City Council to make decision on Royal High School’s fate

Duddingston House Properties are hoping the council will approve the plans to create a hotel in the Royal High building. Picture: Esme Allen
Duddingston House Properties are hoping the council will approve the plans to create a hotel in the Royal High building. Picture: Esme Allen
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One of the Capital’s most bitterly fought planning battles of recent years faces decision day on Thurday with claim and counterclaim ringing in the air.

The developers behind the plans to turn the old Royal High School into a luxury hotel questioned the credentials of a rival bid to to create a music school in the building, saying only their proposals can guarantee its future “architecturally and financially”. Heritage watchdogs in turn repeated their warnings that the hotel plans would put the city’s World Heritage Site status at risk.

We have taken time to listen to a wide range of stakeholders and heritage experts...

Councillors are being urged by their own planning officials to refuse the hotel plans at a meeting today. Such a move is likely to prompt an appeal to the Scottish Government.

David Orr, chairman of developers Urbanist Hotels, said: “We need to be very clear about what is now at stake for the very future of the Old Royal High School. Our revised proposal is the result of 18 months intensive work and considerable investment in order to fulfil our contractual obligation with the Council.

“During this time we have taken time to listen to a wide range of stakeholders and heritage experts and taken their views on board. It has been very disappointing that we have also faced an unacceptable level of deliberate misrepresentation from organisations that are opposed to our scheme.

“We now have a design solution which not only protects and promotes the magnificence of Hamilton’s centrepiece building but also has a viable and long-term investment plan in place to maintain it as part of the city’s living and breathing heritage.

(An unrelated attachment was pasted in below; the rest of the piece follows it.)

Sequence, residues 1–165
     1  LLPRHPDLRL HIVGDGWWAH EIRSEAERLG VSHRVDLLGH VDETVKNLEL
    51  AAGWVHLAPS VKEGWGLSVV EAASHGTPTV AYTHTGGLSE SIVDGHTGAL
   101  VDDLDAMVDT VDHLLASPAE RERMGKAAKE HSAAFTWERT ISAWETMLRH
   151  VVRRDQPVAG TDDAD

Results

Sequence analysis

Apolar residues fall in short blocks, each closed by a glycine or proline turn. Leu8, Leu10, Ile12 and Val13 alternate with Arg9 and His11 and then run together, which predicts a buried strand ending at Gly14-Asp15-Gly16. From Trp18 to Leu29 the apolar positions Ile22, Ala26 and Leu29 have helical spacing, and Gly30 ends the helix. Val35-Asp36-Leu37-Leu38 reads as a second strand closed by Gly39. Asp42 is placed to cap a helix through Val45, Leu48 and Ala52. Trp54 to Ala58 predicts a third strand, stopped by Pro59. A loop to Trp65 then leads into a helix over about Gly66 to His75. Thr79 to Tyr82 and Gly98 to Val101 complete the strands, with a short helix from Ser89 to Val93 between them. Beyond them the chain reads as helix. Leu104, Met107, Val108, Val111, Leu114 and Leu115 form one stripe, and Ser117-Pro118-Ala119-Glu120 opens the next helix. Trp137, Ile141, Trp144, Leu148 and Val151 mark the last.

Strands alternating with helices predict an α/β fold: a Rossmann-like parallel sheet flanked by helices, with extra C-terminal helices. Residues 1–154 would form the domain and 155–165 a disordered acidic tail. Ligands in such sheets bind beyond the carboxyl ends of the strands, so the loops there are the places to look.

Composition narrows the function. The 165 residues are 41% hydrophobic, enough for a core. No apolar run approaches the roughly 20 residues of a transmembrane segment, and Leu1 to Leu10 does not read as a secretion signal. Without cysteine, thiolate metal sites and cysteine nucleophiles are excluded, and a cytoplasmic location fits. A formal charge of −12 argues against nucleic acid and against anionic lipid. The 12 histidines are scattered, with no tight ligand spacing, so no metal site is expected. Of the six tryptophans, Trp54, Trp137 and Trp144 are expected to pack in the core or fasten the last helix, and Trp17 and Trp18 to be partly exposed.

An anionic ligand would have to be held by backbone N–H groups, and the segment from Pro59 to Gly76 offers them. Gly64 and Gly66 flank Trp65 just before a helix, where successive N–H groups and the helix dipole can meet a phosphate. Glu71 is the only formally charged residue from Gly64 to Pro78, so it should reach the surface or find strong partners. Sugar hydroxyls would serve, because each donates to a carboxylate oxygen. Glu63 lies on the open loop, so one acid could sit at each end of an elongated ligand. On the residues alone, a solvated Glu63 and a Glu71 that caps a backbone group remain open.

“We are responding positively to the requirement by the Council, following ratification of our contract in 2014, to revive a building which has been allowed to slip into a state of disrepair and neglect for more than 50 years.

“Hamilton’s masterpiece has been publicly owned since 1829, but never publicly accessible. Our design will restore and regenerate this national treasure with a new use as a world-class hotel. Heritage and conservation are central to our plans.

“This is the only proposal that can realistically guarantee the future of the Hamilton building – both architecturally and financially. Without it, we risk another 50 years of disrepair and misuse, which would be catastrophic for both the building and the city. I am confident that those who genuinely care about Edinburgh’s future, and can look through the emotional rhetoric and see the hard facts, won’t let this happen.”

A Edinburgh World Heritage spokesman said: “This is an important day for Edinburgh. The hotel proposal being reviewed today, in our opinion, does not differ substantially from the initial submission, remains inappropriate for a building of such cultural and historical significance, and represents a threat to the Outstanding Universal Value of the World Heritage Site.

“Specifically, the visual impact of the proposed modern extensions to the east and west of the site remain overbearing and will damage the classical landscape setting. On balance, we maintain that the alternative proposal is a better option for the site and the city.”